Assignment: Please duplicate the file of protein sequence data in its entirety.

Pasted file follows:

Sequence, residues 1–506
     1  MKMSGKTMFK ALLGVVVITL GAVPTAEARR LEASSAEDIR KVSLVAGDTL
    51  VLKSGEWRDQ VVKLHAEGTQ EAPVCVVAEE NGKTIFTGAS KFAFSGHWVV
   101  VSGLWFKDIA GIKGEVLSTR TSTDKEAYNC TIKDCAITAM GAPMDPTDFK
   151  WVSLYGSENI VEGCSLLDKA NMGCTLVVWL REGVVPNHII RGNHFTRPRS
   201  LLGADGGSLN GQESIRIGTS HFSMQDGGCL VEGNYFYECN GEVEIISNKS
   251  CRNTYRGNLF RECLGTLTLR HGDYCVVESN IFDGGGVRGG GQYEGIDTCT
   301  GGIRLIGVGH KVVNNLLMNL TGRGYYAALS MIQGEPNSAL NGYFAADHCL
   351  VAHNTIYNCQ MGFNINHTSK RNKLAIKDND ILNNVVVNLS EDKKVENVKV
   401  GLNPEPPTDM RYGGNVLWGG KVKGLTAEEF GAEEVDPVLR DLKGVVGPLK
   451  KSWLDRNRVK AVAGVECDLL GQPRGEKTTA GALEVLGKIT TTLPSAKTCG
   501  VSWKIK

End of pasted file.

Sequence, residues 1–506
     1  MKMSGKTMFK ALLGVVVITL GAVPTAEARR LEASSAEDIR KVSLVAGDTL
    51  VLKSGEWRDQ VVKLHAEGTQ EAPVCVVAEE NGKTIFTGAS KFAFSGHWVV
   101  VSGLWFKDIA GIKGEVLSTR TSTDKEAYNC TIKDCAITAM GAPMDPTDFK
   151  WVSLYGSENI VEGCSLLDKA NMGCTLVVWL REGVVPNHII RGNHFTRPRS
   201  LLGADGGSLN GQESIRIGTS HFSMQDGGCL VEGNYFYECN GEVEIISNKS
   251  CRNTYRGNLF RECLGTLTLR HGDYCVVESN IFDGGGVRGG GQYEGIDTCT
   301  GGIRLIGVGH KVVNNLLMNL TGRGYYAALS MIQGEPNSAL NGYFAADHCL
   351  VAHNTIYNCQ MGFNINHTSK RNKLAIKDND ILNNVVVNLS EDKKVENVKV
   401  GLNPEPPTDM RYGGNVLWGG KVKGLTAEEF GAEEVDPVLR DLKGVVGPLK
   451  KSWLDRNRVK AVAGVECDLL GQPRGEKTTA GALEVLGKIT TTLPSAKTCG
   501  VSWKIK